Summer study-abroad programs open doors to global experiences

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Wilma Wierenga, second from right, an associate professor of foreign languages and director of RIT’s German study abroad program, poses with 2009 program participants during a field trip to Berlin.

Joe Featherall, a fifth-year mechanical engineering student, has always loved travel and automobiles. At RIT, he combined both of his loves through a series of co-op assignments in automotive engineering and participation in the College of Liberal Arts’ study-abroad program at the Speak and Write Institute in Marburg, Germany. He loved the region so much that he has accepted a position as an engineer with BMW’s facility in Munich following graduation this May.

“I was able to immerse myself in German culture and language and really experience the country as a resident instead of a tourist,” Featherall notes. “I also interacted with people from many nations and all walks of life and enjoyed hearing different views on politics, religion and the ways in which science and education are carried out in other countries.”

Featherall is just one of several hundred students who have participated in the study-abroad initiatives in Germany, Italy, Croatia and Japan over the last two decades. These efforts augment numerous additional study-abroad programs offered throughout the university as part of RIT’s growing initiatives in international education. Research shows that these experiences improve student retention and overall satisfaction with the university experience. Participants in the liberal arts program receive college credit, take courses at partner institutions and work with RIT faculty who spend the summer with their students. 

“The overall immersion and interaction they receive would not be possible if we were teaching the courses at RIT,” says Vincent Serravallo, associate professor of sociology, who directs the summer program at RIT’s affiliate institution, the American College of Management and Technology in Dubrovnik.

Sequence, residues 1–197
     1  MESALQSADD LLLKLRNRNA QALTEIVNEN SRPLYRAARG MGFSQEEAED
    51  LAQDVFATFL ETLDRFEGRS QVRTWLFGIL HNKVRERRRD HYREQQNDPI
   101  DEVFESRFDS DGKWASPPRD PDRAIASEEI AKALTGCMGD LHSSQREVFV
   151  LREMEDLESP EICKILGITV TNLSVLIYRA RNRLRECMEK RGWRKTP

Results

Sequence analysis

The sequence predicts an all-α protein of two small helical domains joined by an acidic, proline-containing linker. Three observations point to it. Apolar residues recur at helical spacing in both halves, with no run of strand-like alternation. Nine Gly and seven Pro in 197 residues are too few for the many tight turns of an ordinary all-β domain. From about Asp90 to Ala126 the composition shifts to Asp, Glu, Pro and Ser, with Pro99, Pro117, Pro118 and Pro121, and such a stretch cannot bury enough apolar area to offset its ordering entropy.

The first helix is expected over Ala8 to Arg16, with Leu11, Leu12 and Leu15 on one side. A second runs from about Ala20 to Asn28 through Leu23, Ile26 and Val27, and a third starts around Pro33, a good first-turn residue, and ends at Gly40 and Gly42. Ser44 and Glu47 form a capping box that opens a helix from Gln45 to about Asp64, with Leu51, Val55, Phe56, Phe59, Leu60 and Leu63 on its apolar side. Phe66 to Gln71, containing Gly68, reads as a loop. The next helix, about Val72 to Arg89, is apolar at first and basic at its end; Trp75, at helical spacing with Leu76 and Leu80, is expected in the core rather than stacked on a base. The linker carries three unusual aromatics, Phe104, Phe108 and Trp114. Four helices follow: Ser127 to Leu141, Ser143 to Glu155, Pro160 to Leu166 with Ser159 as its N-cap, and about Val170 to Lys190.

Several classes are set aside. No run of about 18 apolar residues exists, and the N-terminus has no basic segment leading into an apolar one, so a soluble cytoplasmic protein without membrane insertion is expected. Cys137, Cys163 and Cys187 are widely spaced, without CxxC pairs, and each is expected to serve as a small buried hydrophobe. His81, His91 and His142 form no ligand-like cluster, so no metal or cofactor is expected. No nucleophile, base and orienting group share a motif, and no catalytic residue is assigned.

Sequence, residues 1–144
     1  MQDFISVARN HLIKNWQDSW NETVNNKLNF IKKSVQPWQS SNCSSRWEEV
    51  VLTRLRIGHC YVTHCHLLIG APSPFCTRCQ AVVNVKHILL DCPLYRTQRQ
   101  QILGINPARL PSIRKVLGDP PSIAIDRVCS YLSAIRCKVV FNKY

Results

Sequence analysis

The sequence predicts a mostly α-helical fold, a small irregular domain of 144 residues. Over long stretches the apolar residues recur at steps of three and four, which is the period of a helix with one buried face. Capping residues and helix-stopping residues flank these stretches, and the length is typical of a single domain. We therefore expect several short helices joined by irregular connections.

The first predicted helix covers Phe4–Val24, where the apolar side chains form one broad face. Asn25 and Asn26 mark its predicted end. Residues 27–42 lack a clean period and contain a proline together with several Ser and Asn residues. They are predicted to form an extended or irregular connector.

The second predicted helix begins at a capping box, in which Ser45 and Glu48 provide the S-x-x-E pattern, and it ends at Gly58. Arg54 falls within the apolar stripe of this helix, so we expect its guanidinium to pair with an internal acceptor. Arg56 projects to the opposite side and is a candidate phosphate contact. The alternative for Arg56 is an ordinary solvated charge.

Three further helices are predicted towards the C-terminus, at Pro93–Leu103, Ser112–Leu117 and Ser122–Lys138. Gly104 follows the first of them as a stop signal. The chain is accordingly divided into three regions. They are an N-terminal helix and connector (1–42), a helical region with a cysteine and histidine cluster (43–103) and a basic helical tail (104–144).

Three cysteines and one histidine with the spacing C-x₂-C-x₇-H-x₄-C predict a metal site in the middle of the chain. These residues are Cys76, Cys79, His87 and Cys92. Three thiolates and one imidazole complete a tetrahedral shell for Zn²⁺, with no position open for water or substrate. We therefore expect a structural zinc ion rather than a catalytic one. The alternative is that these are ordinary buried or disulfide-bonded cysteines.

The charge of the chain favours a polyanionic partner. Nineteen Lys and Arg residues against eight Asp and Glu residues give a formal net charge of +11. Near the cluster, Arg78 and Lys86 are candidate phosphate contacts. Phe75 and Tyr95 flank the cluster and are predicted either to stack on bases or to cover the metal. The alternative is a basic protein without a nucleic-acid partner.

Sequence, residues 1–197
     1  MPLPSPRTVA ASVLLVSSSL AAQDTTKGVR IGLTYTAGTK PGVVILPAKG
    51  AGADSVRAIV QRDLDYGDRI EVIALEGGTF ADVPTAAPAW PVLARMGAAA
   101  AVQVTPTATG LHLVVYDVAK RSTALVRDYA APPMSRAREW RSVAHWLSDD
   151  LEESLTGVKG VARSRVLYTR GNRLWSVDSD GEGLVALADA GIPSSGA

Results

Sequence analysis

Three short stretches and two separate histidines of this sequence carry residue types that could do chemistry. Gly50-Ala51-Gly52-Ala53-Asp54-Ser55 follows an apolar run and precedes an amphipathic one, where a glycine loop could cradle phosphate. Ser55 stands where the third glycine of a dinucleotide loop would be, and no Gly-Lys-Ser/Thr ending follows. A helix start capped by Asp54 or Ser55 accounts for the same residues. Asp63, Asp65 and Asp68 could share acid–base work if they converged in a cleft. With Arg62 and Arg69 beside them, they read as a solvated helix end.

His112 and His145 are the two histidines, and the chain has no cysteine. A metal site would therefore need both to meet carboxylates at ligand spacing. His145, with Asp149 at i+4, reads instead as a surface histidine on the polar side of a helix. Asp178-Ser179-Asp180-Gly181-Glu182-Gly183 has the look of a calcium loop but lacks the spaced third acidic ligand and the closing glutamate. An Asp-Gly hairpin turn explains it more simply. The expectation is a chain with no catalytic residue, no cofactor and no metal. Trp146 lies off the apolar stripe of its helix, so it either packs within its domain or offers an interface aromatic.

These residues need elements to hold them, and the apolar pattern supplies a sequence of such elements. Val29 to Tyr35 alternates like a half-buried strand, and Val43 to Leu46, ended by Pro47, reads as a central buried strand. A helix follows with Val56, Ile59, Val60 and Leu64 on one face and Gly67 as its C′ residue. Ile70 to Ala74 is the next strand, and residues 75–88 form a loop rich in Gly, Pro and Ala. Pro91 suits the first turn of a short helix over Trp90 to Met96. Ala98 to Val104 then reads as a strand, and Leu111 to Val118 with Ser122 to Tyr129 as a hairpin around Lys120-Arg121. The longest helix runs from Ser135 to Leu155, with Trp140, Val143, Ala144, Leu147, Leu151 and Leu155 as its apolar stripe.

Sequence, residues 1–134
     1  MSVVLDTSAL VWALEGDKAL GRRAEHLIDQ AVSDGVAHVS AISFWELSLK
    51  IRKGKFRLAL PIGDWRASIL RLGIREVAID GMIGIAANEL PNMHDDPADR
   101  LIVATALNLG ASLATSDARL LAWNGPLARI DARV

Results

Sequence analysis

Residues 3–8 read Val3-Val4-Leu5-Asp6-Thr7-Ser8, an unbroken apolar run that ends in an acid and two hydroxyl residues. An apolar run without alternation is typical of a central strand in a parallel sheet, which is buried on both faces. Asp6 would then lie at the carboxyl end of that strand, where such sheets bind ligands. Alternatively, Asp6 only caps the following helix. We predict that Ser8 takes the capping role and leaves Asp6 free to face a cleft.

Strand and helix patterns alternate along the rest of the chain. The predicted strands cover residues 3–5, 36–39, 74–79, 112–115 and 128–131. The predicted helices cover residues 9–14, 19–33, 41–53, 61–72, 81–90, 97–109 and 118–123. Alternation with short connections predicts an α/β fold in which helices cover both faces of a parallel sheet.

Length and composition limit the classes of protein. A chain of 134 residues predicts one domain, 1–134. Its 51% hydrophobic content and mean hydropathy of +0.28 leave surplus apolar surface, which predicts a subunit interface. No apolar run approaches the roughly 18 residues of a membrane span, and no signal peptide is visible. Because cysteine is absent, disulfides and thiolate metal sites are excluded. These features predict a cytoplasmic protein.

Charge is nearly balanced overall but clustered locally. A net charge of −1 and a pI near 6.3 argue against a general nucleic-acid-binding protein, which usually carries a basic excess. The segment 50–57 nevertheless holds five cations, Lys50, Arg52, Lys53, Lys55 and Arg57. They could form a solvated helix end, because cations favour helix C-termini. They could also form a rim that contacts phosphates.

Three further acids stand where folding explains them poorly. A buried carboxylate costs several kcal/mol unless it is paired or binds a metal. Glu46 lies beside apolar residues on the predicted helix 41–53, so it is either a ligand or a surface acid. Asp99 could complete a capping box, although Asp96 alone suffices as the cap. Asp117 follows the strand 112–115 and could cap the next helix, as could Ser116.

The unique educational and research opportunities provided for both students and professors greatly enhance RIT’s efforts to increase real-world experience in all areas of curriculum.

“Students gain a greater understanding of numerous fields through observing how businesses operate in other nations, while professors can interact with foreign researchers to expand their own professional development,” adds Elisabetta D’Amanda, director of the RIT Italian program at the A Door to Italy Institute in Genoa. 

D’Amanda is working with Malcolm Spaull, chair of RIT’s School of Film and Animation, to develop a course in film and photography which will run this summer. In addition, RIT students and faculty in the Japanese program participate in the Intensive Program in Japanese for Science and Technology at the Kanazawa Institute of Technology, which promotes international science education and research between foreign and Japanese students and faculty.

The college hopes to expand programs in participating countries and ultimately create initiatives in additional nations and regions of the world.